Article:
Posted 12/29/15 (Tue)
By Neal A. Shipman
With the removal of the ban of exporting U.S. crude oil, the United States Congress has finally put the American oil industry back on equal footing with the rest of the world’s oil producers. And all I can say is it was about time that Congress and President Obama lifted this antiquated ban that has put the U.S. oil industry at a competitive disadvantage.
The U.S. oil exporting ban was put in place in the 1970s in response to the Arab embargo that kept Middle East oil from being sold to America. America’s decision, at that time, made sense. But it didn’t make sense for America to retain its ban once OPEC lifted its ban.
So for 40 years, American oil companies, which compete in a global oil market, were forced to sit on the sideline and not be able to sell their excess oil.
And that ban on exporting U.S. oil created much of the problems that this country is experiencing as America’s oil production began increasing as a result of the shale oil play in North Dakota and Texas.
While the ban was in place, U.S. oil storage facilities were filled to capacity. And to make matters worse, this country’s oil refineries weren’t designed to efficiently process the new lighter sweet crude that was being pumped out of the ground.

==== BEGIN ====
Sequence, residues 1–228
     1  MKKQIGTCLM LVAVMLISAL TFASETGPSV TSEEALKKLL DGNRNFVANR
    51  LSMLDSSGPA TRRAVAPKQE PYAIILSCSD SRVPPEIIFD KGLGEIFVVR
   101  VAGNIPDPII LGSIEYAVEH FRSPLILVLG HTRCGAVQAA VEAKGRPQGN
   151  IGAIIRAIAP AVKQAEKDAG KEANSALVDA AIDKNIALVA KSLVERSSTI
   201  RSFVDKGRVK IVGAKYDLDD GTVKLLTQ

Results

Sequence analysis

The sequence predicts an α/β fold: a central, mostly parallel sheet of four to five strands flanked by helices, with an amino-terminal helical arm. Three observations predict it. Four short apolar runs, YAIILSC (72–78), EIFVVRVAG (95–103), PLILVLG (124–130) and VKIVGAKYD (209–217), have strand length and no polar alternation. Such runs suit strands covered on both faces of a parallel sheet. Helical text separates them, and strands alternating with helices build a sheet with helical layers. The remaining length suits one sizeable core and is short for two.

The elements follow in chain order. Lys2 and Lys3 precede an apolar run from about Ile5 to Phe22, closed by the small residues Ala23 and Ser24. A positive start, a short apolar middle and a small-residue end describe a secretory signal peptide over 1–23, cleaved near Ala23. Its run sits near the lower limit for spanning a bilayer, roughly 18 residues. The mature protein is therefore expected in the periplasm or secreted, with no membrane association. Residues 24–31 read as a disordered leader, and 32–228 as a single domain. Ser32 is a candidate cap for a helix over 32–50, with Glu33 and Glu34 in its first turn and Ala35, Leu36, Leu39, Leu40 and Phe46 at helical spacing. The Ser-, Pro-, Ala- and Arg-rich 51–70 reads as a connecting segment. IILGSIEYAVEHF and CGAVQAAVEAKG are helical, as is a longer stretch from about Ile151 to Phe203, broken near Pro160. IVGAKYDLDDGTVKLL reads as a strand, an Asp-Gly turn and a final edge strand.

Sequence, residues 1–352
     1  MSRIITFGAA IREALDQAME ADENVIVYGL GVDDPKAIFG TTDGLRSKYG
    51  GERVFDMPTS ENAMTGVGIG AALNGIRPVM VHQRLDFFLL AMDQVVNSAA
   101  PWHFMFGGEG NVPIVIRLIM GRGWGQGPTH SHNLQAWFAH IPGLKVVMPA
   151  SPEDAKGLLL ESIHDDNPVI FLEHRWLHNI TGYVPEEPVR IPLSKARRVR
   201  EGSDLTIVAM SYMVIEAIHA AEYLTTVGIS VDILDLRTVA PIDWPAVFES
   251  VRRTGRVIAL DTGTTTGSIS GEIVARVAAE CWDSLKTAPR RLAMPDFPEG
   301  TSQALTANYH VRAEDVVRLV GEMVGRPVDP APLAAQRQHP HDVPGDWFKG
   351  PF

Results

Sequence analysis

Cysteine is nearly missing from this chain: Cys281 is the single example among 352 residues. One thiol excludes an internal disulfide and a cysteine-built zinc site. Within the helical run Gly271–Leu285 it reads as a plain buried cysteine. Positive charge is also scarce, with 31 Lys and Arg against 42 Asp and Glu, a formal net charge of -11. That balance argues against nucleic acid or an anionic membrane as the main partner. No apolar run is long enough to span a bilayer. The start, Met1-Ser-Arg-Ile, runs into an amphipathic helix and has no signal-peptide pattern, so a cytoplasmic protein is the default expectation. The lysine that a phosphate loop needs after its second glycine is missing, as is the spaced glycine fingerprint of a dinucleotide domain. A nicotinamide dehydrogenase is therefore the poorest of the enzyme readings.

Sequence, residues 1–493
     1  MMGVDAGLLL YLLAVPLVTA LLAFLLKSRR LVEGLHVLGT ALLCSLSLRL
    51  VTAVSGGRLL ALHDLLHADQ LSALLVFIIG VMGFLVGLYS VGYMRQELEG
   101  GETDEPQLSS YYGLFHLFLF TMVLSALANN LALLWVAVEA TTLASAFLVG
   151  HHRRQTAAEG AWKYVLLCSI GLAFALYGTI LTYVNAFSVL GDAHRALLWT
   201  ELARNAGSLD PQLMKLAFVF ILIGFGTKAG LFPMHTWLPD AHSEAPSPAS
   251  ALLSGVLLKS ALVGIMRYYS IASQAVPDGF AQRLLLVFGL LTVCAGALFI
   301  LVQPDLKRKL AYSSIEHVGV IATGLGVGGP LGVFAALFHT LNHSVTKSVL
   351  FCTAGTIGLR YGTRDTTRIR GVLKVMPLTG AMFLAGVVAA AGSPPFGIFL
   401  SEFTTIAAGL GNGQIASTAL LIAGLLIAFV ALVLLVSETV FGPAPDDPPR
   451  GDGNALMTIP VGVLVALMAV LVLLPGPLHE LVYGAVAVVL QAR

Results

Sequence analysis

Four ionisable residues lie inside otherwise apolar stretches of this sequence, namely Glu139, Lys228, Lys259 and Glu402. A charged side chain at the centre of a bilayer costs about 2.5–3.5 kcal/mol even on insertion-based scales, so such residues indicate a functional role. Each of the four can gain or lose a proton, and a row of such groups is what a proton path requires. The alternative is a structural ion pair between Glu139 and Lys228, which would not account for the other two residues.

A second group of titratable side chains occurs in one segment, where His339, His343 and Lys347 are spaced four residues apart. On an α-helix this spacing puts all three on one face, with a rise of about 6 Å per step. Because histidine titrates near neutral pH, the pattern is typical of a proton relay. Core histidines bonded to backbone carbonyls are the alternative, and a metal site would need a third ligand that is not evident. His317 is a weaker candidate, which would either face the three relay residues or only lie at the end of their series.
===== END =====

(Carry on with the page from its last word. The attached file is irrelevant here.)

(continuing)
Because of the export ban, America was awash in crude oil and with no place for the oil to go, prices for American crude oil were substantially below the price of Brent crude. Likewise, North Dakota’s Bakken oil was being sold at an even lower price.
At a time when non-oil producing countries were gobbling up oil from OPEC, Russia and other foreign producers, American oil companies weren’t able to sell them a single barrel of oil.
Will the lifting of this decades old ban on the sale of U.S. oil overseas have an immediate impact on American production or the price of U.S. oil? The answer to that question will be played out over the next several months and years.
But the benefits of eliminating the ban are pretty obvious.
First, being able to export American oil overseas will increase jobs associated with building and supporting the infrastructure needed to export oil.
Second, it should enhance the continued exploration, drilling and production of oil in North Dakota and across the United States.
Third, it will help the United States improve its trade balance as American oil companies begin selling their oil overseas.
And finally, even though the world is seeing record low oil prices, the end of the ban gives the U.S. petroleum industry a better long-term outlook as they are now able to compete on equal footing with OPEC and other foreign oil-producing countries.